Trump US France

Gov. John Bel Edwards, D-La., with his wife Donna Edwards arrive for a State Dinner with French President Emmanuel Macron and President Donald Trump at the White House, Tuesday, April 24, 2018, in Washington. (AP Photo/Alex Brandon) ORG XMIT: DCAB122

The next two months will make or break Louisiana Gov. John Bel Edwards’ term, in turn enhancing or sinking his uncertain prospects for reelection.

During the Democrat’s campaign, he sold himself as the candidate who would lead the state to fiscal stability. He criticized his predecessor, Republican Gov. Bobby Jindal, for a second term that featured seemingly continual debates about how to pay for desired expenditures. Jindal’s last budget even called for temporary and permanent tax hikes to balance it.

But almost three years on, nothing has changed. Regular sessions plus five special sessions have produced three cycles of scrambling to cover projected deficits. During that period, Edwards oversaw the first time that the Taylor Opportunity Program for Students did not receive full funding, a doubling of taxes on health insurance policyholders and the hospitalized that extracted nearly a half-billion dollars from them, and a sales taxes hike of a couple of billion dollars that disproportionately hit lower-income households.

Lanny Keller: Perception of Edwards as anti-business a hard job

None of that seems like a fulfillment of his vow, much less serves as a rationale for reelection. Chalk this record up to his insistence on pursuing an old-school, Louisiana tax-and-spend program that over the decades put the state at the tail end of U.S. economic growth. State dollars spent on operating the executive branch increased 7.5 percent in his first two years, almost three times the rate of inflation. Additionally, outlays of federal funds rose an eye-popping 31 percent.

If state spending of its dollars over that span had risen only by the rate of inflation, the “fiscal cliff” deficit — next year’s forecast revenues minus continuing this year’s spending level — wouldn’t exist. But fiscal restraint runs counter to Edwards’ ideology.

Instead, Edwards has put himself in the position where he must cajole Republican legislative acquiescence in permanent tax increases. Temporary hikes smack of kicking the can down the road, contrary to what he promised.

Further, any such increase primarily built on higher sales tax rates leaves Edwards open to accusations of expanding government on the backs of the poor, while college students and select industries reap benefits. So, he counts on muscling through a paring of income tax exceptions and increasing those rates, especially on corporations.

Plus, Edwards doesn’t want a budget concocted in the regular session, even if he calls a special session designed to add to it. He loses leverage if GOP leaders can pass a bare-bones budget in the regular session that leaves out his preferred spending items, then in a special session the Republican majorities tie the budget to specific revenue-raising measures that he doesn’t like.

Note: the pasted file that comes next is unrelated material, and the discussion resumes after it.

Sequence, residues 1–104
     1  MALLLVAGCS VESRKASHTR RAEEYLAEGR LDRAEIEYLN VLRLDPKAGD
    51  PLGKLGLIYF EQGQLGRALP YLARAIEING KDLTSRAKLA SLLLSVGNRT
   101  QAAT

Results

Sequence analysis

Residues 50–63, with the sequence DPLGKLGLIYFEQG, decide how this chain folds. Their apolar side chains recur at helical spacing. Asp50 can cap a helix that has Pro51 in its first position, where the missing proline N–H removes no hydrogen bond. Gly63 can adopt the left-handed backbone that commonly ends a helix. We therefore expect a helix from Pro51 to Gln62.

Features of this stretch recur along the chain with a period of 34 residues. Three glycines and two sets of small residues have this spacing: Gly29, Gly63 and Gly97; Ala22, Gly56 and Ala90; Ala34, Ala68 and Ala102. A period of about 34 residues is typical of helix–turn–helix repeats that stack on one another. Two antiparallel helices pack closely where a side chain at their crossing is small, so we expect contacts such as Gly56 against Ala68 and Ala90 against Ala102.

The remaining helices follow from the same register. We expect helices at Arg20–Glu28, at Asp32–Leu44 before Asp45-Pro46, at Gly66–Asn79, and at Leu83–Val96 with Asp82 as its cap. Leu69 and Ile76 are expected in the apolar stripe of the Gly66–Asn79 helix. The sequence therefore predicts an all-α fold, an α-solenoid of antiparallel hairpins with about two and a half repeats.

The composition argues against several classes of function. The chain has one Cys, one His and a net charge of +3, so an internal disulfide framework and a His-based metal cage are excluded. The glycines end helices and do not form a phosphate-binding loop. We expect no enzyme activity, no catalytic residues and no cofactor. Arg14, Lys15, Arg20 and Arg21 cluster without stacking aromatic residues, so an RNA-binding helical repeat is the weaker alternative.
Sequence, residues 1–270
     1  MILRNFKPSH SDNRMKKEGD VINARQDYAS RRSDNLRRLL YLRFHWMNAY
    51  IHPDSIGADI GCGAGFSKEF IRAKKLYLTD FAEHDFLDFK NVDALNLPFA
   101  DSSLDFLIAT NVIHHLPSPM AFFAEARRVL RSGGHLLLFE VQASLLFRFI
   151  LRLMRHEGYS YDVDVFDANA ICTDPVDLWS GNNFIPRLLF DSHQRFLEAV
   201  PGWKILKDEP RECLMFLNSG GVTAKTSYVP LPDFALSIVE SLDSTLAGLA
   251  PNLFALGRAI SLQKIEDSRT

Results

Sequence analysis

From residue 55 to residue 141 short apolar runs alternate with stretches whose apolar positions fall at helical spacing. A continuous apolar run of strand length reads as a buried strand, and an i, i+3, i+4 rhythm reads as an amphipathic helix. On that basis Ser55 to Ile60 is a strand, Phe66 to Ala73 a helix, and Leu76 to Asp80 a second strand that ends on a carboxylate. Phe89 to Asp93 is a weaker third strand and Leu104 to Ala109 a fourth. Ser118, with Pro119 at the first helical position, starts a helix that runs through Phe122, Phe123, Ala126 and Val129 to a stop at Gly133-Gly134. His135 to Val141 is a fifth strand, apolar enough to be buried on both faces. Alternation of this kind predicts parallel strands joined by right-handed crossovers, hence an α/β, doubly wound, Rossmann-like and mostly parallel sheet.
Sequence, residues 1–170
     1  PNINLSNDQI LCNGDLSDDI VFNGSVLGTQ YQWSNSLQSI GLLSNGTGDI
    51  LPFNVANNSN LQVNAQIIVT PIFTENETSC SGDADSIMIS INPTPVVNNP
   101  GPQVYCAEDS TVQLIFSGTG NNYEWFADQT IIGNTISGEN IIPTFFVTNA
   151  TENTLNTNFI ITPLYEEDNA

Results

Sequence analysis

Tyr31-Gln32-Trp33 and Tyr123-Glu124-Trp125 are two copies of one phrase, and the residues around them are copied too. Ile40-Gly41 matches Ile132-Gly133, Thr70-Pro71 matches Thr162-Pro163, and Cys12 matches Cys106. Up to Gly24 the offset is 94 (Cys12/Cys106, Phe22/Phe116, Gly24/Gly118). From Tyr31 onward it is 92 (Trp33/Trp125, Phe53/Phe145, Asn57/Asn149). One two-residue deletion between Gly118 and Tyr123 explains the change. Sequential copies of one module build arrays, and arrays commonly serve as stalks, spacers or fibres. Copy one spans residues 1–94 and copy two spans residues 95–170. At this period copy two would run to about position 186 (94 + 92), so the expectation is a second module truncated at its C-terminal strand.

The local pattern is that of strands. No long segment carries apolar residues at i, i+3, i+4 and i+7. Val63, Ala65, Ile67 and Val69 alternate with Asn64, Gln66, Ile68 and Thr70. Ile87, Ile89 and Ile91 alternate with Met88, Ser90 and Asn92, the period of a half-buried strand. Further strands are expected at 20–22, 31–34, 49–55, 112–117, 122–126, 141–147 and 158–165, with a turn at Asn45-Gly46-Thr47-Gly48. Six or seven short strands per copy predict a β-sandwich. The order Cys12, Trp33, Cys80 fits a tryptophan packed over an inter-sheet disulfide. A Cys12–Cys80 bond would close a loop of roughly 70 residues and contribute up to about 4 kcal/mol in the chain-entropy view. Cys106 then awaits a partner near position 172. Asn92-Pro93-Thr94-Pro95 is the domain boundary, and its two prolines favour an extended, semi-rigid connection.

The trouble for Edwards is in the Senate, which heretofore generally has complied with his fiscal will. Many Senate Republicans favor producing a basic budget accompanied by a menu of additional spending options if a special session creates more revenue. Should both chambers go this route, his vetoing this budget risks charges of caring more about growing government than putting it on stable footing.

If that happens, then in the subsequent special session, Edwards can’t reject GOP revenue measures, or else he becomes the guy who gutted state government. And he won’t get another chance to impose his budgetary preferences, as next year’s looming elections will make lawmakers skittish to raise taxes even temporarily after having done that three times in four years.

Edwards will do what he can to sabotage any regular session budget agreement, and in a special session hopes to maneuver enough Republicans into endorsing his favored approach of permanently higher income taxation, especially on corporations. Only that saves his fiscal agenda and thus his reelection chances.

Jeff Sadow is an associate professor of political science at Louisiana State University-Shreveport, where he teaches Louisiana government. He is author of a blog about Louisiana politics at When the Louisiana Legislature is in session, he writes about legislation in it at Follow him on Twitter, @jsadowadvocate or write to His views do not necessarily express those of his employer.